From Publishers Weekly
For many, the Korean War is remembered more for Hawkeye and Klinger than General MacArthur and Syngman Rhee. But for Cumings (Korea's Place in the Sun), professor at the University of Chicago, the critical issue is not one of memory, but of understanding. In this devastating work he shows how little the U.S. knew about who it was fighting, why it was fighting, and even how it was fighting. Though the North Koreans had a reputation for viciousness, according to Cumings, U.S. soldiers actually engaged in more civilian massacres (including dropping over half a million tons of bombs and thousands of tons of napalm, more than was dropped on the entire Pacific theatre in World War II, almost indiscriminately). Cumings deftly reveals how Korea was a clear precursor to Vietnam: a divided country, fighting a long anti-colonial war with a committed and underestimated enemy; enter the U.S., efforts go poorly, disillusionment spreads among soldiers, and lies are told at top levels in an attempt to ignore or obfuscate a relentless stream of bad news. For those who like their truth unvarnished, Cumings's history will be a fresh, welcome take on events that seemed to have long been settled. (Aug.)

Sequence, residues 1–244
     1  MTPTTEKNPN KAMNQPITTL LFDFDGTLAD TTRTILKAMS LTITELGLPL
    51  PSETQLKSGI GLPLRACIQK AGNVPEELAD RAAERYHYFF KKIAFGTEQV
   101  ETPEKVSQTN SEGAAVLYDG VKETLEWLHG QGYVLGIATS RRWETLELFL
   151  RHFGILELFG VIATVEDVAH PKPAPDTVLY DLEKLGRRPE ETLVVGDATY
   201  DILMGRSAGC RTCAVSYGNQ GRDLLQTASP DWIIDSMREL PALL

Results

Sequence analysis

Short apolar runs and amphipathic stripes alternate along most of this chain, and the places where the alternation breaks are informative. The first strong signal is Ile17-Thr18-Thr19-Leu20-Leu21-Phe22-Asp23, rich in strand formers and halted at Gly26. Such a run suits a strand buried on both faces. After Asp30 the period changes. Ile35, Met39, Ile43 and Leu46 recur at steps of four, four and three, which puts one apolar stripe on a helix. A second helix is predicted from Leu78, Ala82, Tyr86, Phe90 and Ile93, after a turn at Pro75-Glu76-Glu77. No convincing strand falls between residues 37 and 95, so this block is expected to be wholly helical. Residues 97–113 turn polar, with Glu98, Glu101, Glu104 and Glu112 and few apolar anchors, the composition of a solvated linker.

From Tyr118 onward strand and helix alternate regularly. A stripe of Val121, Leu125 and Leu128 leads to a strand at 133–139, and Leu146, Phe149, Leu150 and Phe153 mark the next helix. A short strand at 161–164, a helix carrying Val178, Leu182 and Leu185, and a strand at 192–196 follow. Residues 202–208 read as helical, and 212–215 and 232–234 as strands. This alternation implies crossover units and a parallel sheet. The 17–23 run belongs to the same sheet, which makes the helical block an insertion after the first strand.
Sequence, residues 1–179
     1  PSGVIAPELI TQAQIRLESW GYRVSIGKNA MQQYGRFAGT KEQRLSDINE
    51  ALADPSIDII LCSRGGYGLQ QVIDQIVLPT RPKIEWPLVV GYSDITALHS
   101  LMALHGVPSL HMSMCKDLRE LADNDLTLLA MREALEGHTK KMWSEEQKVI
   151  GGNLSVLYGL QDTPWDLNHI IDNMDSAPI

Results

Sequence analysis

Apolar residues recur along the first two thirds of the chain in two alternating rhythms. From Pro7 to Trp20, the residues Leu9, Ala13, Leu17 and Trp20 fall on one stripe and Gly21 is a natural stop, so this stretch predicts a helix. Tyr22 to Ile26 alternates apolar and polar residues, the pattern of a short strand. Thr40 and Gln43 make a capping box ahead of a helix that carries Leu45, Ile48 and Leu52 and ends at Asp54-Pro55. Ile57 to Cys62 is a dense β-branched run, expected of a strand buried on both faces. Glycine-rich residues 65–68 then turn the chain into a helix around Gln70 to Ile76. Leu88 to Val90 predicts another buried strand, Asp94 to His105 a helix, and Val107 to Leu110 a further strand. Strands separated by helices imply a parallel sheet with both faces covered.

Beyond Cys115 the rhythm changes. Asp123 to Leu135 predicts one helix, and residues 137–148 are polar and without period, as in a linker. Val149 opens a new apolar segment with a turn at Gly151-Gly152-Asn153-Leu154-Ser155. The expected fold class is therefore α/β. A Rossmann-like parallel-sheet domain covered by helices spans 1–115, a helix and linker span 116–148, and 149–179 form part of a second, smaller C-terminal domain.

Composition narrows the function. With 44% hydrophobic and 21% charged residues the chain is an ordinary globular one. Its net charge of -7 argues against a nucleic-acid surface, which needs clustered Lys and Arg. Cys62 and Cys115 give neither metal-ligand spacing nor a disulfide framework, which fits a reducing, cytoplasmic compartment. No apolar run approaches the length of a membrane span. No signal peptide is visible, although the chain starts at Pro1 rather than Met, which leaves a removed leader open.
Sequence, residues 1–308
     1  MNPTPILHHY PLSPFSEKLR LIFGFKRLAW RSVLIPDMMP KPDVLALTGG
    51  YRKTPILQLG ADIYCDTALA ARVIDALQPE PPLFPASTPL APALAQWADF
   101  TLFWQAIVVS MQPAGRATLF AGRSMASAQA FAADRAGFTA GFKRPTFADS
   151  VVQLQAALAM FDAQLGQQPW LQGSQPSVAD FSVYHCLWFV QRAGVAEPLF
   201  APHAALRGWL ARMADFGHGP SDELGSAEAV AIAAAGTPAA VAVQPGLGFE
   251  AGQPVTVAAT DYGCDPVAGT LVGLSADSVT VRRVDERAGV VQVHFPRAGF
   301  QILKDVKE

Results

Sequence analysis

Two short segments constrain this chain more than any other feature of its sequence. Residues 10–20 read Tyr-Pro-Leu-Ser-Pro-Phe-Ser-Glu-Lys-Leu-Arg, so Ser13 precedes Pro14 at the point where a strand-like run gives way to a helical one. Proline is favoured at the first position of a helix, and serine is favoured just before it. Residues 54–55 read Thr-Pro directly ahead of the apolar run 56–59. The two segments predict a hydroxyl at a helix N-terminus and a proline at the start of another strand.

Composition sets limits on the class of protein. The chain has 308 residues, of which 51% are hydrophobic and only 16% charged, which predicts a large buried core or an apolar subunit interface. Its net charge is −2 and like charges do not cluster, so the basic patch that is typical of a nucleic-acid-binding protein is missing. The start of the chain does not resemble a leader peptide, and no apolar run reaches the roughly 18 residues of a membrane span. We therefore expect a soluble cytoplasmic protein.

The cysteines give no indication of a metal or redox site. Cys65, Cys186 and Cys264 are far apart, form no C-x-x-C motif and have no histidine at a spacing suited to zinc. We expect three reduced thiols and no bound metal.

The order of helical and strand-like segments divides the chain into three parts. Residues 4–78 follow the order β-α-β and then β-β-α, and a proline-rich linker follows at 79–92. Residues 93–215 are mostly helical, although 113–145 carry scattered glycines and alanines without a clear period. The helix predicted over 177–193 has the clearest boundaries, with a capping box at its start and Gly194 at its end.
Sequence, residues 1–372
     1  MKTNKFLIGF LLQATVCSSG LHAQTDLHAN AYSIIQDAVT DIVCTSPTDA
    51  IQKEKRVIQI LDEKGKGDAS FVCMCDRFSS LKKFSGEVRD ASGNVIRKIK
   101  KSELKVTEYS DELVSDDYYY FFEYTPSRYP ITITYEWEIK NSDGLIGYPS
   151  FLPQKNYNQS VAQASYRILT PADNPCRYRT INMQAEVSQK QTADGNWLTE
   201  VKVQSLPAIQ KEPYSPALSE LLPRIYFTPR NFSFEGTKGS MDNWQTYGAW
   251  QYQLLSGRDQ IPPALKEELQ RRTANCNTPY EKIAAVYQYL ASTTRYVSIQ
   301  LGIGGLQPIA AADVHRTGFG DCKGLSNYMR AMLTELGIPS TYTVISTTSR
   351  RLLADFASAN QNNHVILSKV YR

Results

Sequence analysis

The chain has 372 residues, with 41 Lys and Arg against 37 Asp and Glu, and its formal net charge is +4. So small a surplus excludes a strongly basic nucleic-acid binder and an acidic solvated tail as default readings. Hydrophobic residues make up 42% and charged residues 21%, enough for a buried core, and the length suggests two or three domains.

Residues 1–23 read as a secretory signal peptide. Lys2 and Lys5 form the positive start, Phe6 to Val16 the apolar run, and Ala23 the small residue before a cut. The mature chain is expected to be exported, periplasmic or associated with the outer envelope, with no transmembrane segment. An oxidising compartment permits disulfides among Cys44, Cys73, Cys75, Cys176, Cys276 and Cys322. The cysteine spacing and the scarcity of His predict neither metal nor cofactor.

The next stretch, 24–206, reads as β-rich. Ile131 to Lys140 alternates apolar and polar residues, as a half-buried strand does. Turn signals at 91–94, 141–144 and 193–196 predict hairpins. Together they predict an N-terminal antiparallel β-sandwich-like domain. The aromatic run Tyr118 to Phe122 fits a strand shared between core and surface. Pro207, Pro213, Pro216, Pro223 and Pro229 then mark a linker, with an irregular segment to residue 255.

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An academic specialist on Korean history, Cumings believes Americans have amnesia about the Korean War of 1950–53. Or is it the Korean War of 1931 to the present? Cumings goes back that far for an origin to hostilities, seating them in the Japanese invasion of Manchuria and characterizing what happened in June 1950 as an intensification of a Korean civil war, though one definitely escalated by North Korea. These contexts, including the American occupation of South Korea from 1945–48, are more important in Cumings' treatment than the specifically military history of the war, which is dominant in popular American memory of the war. The picture Cumings presents does not flatter American policies, which take hits for supporting a ruthless South Korean government and for destroying North Korean cities. Chronicling atrocities perpetrated by the South, Cummings does not exonerate those committed by the North; the comparison serves his proposition that America intervened in a civil war, to its detriment. Cumings' historical expertise will be highly informative background material for those watching the current explosive potential of the North Korean situation. --Gilbert Taylor